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January 14, 2015
Retirement Planning… It can be confusing and rough (ruff?)
Investments are hugely important for retirement planning. “Investing” means putting money into an asset with the expectation that it will grow, produce dividends or generate interest. Investments are designed to grow your money although most, if not all, forms of investment involve some form of risk.
By this definition, annuities are a terrible investment. Why? Below the experts weigh in with three reasons:
1) Most Annuities Have No Promise of Financial Growth (Even Though You Might Get Out More Than You Put In)
Unlike other financial products, most annuities do not provide returns — they shouldn’t really even be thought of as investments.
“It’s not an investment account, it’s not liquid and your return is based entirely on how long you live and when you die,” says Michael Kitces, partner and director of research at Pinnacle Advisory Group in Columbia, Md.. “The value of a lifetime annuity does not go up and down based on what the market does; it goes up and down based on how long you live.”
For example, if you put $100,000 in a lifetime annuity and receive $500 a month for life, after 10 years you have only gotten $60,000 out of your annuity. But if you live for 20 years, you’ll get $120,000 out of your annuity. Beyond that, if you live for 30 years, you’ll get $180,000; and after 40 years, you will have gotten $240,000 from your annuity.
“If you want to view it as an investment, a lifetime annuity is an investment that pays you a higher return the longer you live,” Kitces says, noting that they still shouldn’t be considered as such.
2) Your Money is Not Liquid — Many Fear ‘Tying Up Their Money’ in Annuities
Liquidity is often a concern for many older Americans nearing retirement: If I need my money, will I be able to access it? What if I die before my annuity begins payments?
These are valid concerns, and represent the third reason annuities should not be considered as investments, but as retirement insurance.
You should never put all of your assets into an annuity, Kitces says.
“Life happens — medical events, house repairs, things that come up that you can’t pay for with a steady paycheck — so you definitely have to be wary of annuitizing everything into guaranteed income.”
Although you can usually still withdraw money from an annuity, it comes with a price. Withdrawals taken before age 59½ may be subject to a 10% IRS penalty tax unless an exception applies, according to Ameriprise Financial. So early withdrawals are costly from a tax standpoint.
3) Lifetime Annuities are Not Designed as Investments
Lifetime annuities are designed to guarantee income for life, not to produce asset growth.
So many people are conditioned to think that money must be “invested” to produce interest, returns or dividends. However, there are other types of financial products that can produce other — and often desirable — results.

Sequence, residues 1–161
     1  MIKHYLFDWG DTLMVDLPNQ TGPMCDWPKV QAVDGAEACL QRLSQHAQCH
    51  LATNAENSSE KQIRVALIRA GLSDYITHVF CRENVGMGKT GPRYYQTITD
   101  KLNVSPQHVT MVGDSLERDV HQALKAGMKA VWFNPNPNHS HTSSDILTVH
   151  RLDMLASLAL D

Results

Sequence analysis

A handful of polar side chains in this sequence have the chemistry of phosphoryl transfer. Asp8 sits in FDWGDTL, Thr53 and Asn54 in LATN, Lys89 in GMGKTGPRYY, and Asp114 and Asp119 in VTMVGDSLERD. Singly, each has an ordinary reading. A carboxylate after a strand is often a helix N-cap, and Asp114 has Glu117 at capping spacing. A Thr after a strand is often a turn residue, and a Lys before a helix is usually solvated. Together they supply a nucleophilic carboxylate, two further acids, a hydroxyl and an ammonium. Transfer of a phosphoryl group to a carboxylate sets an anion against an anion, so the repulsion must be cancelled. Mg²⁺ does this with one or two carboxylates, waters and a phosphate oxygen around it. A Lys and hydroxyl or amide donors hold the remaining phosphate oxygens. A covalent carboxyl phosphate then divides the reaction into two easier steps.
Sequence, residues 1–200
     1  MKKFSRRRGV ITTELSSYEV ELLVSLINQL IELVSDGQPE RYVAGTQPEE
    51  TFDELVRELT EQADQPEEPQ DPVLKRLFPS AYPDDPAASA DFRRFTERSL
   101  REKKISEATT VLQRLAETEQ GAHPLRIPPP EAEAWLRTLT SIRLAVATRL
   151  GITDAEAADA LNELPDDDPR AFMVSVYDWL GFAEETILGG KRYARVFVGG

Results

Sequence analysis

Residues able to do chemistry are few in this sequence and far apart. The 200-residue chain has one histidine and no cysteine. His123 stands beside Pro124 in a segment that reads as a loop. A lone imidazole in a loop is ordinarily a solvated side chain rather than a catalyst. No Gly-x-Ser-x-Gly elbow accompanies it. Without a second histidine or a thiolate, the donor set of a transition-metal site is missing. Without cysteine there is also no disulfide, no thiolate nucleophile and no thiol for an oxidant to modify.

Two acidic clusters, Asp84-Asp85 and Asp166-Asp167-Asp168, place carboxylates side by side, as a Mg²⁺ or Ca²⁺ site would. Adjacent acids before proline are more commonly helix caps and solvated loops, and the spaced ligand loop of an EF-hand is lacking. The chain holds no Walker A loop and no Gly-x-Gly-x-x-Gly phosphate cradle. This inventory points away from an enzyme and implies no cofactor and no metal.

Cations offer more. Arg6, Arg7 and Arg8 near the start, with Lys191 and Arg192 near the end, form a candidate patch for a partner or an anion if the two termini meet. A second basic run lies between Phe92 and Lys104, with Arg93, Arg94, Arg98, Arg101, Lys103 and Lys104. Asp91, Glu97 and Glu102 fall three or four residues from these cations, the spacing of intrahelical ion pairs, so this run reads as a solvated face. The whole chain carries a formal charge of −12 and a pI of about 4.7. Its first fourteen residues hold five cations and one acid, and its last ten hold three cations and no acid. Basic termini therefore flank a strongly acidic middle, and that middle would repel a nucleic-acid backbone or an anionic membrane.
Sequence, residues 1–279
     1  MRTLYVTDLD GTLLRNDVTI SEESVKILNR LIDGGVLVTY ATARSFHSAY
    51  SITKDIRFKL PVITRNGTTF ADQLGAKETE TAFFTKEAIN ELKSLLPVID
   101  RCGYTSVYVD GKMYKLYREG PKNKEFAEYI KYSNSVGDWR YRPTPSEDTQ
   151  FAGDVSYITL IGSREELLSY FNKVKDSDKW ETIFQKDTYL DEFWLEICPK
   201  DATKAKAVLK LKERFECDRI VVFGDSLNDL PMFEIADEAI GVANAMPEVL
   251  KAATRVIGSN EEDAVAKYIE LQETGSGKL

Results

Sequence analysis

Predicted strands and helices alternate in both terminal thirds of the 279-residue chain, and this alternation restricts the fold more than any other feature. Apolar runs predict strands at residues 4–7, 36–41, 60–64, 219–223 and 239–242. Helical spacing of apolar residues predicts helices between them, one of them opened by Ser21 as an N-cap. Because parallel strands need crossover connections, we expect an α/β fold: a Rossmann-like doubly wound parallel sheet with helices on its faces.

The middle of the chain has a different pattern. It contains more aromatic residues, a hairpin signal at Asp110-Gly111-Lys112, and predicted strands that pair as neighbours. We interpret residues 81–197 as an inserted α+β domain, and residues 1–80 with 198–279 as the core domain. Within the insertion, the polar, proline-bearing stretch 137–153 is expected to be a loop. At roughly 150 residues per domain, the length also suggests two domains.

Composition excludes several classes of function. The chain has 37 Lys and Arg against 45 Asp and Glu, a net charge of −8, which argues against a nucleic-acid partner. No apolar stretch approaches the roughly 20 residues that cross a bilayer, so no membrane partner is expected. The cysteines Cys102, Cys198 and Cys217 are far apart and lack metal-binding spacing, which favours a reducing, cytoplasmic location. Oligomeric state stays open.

By definition, an annuity is an insurance product that pays out income. You provide a lump sum to the insurance company, which then makes payments to you for life (in the case of lifetime annuities). Instead putting your money into a financial vehicle and hoping for a return on the investment (as you would when buying a mutual fund for example), you are putting your money into a financial vehicle that guarantees you a pre set amount of income for as long as you live.
Because lifetime annuities are structured as a guarantee, with little risk involved, classifying them as “investments” is inaccurate.
“They’re not investments; they’re transfer-of-risk products,” says Stan Haithcock, an annuity expert who goes by Stan the Annuity Man. “You buy an annuity for peace of mind.”
While annuities are used for a number of reasons, about half (49%) of Americans indicate they would purchase one to secure a predictable source of monthly income for retirement, according to a 2014 Phoenix Companies survey.
“From the pure goal of trying to generate retirement income, lifetime annuities are rather efficient,” says Kitces. “When you’re trying to solve the challenge of retirement income, it’s really the perfect vehicle.”
Why Should Lifetime Annuities Be Used for Retirement?
For the reasons stated above, lifetime annuities are a terrible “investment.” However, they can be a great financial decision for your retirement because they are designed to remove risk from the financial planning equation.
“Lifetime” annuities refer to annuities that guarantee income for life. While most people use the phrase to refer to single premium immediate annuities, they can also take other forms, says Haithcock.
“Most people who say ‘lifetime annuity’ are referring to immediate annuities,” he says. “For me, it’s a product that guarantees income for life. It could be a variety of products: It could be an immediate annuity, a longevity annuity or a deferred annuity with an income rider, [among other products].”
But these annuities are often characterized as a retirement investment, leading to further confusion and a broad misunderstanding of the product.
It comes down to the goal for your retirement assets. Do you want to achieve returns or do you want to guarantee income. Both goals have a place in a retirement plan, but you achieve them through different types of financial vehicles.
To figure out your financial goals, consider using a retirement calculator. It may also be important to first consult a financial advisor. To start the planning process, search for an advisor today.
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